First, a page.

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October 17, 2010 / Malcolm Dalebö

About French beans

  • French beans are the unripe fruit of any kind of bean, including the yardlong bean, the hyacinth bean, the winged bean, and especially the common bean (Phaseolus vulgaris), whose pods are also usually called string beans in the north-eastern United States, but can also be called snap beans
  • Runner beans are the only exception and are treated as a different type of bean.
  • French beans are self-pollinating and do not have the setting problems that can occur with runner beans.
  • They come in 3 types and 3 different colours:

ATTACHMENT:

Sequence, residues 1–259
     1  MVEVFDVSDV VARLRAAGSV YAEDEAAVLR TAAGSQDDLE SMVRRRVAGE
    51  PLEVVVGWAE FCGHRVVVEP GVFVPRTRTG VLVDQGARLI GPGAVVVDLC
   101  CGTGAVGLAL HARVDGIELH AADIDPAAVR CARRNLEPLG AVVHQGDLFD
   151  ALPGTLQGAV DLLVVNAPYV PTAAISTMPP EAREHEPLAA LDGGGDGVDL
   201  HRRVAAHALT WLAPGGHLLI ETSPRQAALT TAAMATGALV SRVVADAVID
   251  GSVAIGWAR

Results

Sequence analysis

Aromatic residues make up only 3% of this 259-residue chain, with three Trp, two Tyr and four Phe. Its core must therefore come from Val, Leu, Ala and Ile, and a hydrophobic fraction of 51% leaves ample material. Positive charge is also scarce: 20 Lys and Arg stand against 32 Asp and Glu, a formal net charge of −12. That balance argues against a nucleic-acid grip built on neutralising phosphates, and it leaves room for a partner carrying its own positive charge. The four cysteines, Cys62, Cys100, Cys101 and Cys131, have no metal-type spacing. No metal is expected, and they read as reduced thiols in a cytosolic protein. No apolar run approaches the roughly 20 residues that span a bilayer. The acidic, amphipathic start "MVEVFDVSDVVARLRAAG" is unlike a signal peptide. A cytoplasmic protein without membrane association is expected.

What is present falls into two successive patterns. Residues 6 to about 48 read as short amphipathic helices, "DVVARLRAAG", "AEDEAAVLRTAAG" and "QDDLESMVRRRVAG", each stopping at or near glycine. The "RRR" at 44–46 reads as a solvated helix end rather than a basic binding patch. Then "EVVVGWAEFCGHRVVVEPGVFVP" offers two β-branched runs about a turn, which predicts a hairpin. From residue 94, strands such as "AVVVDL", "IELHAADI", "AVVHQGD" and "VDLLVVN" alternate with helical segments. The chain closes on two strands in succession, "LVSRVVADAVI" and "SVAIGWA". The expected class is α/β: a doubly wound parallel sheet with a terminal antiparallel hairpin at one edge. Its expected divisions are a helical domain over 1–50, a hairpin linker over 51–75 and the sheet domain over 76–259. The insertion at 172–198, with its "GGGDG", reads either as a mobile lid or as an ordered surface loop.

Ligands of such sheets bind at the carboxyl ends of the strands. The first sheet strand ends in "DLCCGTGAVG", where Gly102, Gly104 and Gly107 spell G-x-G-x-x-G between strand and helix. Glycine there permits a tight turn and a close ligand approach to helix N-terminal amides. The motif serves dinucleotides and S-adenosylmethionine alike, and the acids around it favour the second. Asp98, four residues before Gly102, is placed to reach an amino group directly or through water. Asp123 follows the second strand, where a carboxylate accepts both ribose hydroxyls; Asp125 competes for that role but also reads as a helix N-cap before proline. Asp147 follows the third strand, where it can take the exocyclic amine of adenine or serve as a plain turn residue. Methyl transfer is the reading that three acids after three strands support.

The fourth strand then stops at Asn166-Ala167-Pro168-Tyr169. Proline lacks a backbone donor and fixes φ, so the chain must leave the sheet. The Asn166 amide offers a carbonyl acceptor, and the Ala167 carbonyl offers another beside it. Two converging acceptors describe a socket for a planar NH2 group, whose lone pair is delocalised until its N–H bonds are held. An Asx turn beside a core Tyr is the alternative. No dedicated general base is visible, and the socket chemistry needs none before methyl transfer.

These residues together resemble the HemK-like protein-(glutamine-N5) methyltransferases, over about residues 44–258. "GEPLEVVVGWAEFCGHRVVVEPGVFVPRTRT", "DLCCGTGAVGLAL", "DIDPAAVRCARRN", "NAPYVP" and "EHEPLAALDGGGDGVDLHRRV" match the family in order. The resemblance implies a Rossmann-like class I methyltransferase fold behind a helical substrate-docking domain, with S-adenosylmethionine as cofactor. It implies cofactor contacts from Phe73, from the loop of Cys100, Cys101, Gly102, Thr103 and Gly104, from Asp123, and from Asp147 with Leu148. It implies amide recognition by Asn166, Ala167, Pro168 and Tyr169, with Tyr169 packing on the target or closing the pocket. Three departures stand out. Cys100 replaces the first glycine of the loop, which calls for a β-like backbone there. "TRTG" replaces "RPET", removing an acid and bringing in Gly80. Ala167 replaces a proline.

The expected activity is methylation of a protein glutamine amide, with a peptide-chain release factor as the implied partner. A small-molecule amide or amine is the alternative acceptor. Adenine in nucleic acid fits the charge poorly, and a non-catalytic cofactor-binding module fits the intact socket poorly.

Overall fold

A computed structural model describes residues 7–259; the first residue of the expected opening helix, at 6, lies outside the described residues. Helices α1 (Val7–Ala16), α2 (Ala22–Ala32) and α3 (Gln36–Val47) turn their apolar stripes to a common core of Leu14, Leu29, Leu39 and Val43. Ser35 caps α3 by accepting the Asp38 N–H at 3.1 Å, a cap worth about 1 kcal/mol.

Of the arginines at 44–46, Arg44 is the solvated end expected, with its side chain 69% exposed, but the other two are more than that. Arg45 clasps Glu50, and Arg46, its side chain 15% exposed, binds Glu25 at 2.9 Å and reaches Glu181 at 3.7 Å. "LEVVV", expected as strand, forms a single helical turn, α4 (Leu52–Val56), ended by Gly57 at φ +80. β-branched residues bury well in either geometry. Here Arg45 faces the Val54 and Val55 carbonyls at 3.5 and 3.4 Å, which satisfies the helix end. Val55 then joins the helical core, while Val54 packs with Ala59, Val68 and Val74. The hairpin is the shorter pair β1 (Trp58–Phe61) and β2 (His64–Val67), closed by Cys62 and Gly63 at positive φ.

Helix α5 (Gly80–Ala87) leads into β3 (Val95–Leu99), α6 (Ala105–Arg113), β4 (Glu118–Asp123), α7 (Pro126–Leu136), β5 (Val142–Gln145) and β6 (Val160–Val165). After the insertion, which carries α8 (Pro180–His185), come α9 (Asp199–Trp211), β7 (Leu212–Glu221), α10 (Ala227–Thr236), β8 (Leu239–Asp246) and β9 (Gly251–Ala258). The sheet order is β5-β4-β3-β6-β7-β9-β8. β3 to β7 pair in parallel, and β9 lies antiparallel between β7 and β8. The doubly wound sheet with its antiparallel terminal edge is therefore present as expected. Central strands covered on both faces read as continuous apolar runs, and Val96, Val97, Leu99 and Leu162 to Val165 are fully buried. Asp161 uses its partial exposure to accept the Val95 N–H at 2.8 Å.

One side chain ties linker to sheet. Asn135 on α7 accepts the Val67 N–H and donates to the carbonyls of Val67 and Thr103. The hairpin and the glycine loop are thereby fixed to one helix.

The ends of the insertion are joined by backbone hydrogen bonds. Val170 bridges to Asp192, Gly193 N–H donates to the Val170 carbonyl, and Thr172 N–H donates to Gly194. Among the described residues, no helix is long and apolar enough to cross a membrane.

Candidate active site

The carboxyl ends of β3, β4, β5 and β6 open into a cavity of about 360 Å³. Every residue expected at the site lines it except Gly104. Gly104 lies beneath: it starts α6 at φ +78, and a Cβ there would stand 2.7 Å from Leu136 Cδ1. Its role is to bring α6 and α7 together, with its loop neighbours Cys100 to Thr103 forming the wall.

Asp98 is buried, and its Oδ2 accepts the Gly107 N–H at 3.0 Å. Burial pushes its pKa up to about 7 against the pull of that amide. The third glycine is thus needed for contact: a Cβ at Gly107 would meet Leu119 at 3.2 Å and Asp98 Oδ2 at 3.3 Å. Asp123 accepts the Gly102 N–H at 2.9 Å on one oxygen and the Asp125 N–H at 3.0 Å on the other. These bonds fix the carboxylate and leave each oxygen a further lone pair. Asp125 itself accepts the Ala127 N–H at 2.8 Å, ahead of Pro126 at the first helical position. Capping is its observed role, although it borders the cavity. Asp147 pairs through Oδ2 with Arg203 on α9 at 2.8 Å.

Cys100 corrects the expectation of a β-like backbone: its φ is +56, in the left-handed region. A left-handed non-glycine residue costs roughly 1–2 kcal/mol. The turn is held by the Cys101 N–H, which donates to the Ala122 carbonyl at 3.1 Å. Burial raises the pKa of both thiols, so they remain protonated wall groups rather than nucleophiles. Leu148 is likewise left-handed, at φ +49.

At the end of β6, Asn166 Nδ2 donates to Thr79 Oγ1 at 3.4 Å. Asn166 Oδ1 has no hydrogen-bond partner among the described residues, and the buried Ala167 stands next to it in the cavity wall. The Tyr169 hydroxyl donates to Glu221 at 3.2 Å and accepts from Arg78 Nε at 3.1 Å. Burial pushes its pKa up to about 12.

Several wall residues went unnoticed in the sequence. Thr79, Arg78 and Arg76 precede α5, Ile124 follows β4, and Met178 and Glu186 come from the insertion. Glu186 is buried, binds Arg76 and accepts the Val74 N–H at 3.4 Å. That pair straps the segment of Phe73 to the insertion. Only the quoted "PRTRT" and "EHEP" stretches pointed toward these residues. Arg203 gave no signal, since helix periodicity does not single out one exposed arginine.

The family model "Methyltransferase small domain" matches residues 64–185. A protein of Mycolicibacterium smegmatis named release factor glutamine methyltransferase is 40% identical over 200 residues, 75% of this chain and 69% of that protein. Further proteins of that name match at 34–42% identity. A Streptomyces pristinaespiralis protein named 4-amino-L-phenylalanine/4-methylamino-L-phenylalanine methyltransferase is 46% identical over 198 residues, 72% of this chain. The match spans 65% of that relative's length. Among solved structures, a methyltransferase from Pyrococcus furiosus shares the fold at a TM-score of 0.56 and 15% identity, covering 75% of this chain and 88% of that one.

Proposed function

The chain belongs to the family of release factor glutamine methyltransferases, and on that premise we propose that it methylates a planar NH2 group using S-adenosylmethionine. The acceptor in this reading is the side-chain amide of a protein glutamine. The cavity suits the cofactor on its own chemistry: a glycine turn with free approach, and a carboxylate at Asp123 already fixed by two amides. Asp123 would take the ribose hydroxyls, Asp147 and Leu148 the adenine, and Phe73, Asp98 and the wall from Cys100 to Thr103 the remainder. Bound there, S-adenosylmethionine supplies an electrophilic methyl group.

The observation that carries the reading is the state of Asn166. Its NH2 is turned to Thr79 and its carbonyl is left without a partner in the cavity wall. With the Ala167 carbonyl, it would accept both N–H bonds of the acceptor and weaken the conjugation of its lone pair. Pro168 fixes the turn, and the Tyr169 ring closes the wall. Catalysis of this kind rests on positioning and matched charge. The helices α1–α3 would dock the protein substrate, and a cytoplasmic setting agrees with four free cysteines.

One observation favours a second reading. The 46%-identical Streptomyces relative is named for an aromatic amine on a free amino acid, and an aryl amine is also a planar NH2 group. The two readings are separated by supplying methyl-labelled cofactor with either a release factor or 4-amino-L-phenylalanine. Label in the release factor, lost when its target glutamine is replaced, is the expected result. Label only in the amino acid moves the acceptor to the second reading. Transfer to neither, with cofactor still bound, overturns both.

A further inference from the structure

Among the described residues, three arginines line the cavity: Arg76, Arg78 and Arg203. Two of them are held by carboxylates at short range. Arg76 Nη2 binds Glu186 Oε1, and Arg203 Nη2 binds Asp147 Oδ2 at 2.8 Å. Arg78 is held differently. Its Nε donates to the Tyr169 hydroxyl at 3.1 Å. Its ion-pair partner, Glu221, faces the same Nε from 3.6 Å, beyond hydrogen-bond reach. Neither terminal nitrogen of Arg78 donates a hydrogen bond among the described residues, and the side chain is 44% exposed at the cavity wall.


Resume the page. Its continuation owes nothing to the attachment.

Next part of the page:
• Pencil pods, which are round in cross-section and usually stringless – these are divided into yellow ‘waxpods’, purple pods (which turn green when you cook them) and green podded varieties
    • Flat podded types
    • Filet or needle beans – these are the exceptionally thin Kenyan type.
  • The filet, waxpod and purple varieties are considered best for flavour.
  •  The last two have another advantage, in that they are easy to spot when picking time comes around. 
  • There are also varieties grown mainly for drying (e.g. haricots), as well as varieties that are usually shelled like peas (flageolets), very popular in France. 
  • Climbing types should be grown the same way as runner beans.

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